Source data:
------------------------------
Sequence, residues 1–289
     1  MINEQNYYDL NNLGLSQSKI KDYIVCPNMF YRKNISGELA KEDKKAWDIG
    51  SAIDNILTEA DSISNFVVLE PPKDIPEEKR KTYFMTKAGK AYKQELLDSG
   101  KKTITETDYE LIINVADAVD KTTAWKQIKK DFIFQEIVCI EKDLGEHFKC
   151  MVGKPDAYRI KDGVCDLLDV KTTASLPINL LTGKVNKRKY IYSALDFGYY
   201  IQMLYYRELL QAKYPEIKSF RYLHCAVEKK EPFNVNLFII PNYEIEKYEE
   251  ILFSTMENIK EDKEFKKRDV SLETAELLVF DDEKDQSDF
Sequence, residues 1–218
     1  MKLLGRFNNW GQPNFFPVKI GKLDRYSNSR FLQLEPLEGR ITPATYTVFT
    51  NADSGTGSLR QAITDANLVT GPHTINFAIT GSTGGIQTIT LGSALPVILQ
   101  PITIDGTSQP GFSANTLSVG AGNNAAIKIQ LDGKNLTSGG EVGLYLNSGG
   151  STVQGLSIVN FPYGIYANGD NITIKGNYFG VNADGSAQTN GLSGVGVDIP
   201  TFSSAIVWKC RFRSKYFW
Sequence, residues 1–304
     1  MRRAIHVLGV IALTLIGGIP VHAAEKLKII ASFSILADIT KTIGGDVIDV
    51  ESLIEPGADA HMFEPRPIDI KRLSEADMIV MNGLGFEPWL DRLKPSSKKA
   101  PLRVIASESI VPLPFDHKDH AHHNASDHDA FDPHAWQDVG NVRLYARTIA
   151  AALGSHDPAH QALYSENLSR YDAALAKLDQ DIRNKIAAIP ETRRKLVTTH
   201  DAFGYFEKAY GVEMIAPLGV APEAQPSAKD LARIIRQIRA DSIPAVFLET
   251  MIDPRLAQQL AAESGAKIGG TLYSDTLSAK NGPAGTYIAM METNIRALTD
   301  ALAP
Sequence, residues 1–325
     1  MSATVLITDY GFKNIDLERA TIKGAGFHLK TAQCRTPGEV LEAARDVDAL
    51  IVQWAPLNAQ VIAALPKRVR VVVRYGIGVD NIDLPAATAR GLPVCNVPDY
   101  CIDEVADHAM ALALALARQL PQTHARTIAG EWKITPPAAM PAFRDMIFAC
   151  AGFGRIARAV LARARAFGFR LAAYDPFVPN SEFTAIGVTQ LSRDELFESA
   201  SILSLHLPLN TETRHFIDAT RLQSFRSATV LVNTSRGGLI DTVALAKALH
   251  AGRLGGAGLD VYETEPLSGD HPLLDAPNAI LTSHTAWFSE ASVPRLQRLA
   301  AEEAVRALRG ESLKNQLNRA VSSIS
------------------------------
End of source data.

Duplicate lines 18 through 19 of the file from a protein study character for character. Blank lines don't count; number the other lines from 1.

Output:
   151  AALGSHDPAH QALYSENLSR YDAALAKLDQ DIRNKIAAIP ETRRKLVTTH
   201  DAFGYFEKAY GVEMIAPLGV APEAQPSAKD LARIIRQIRA DSIPAVFLET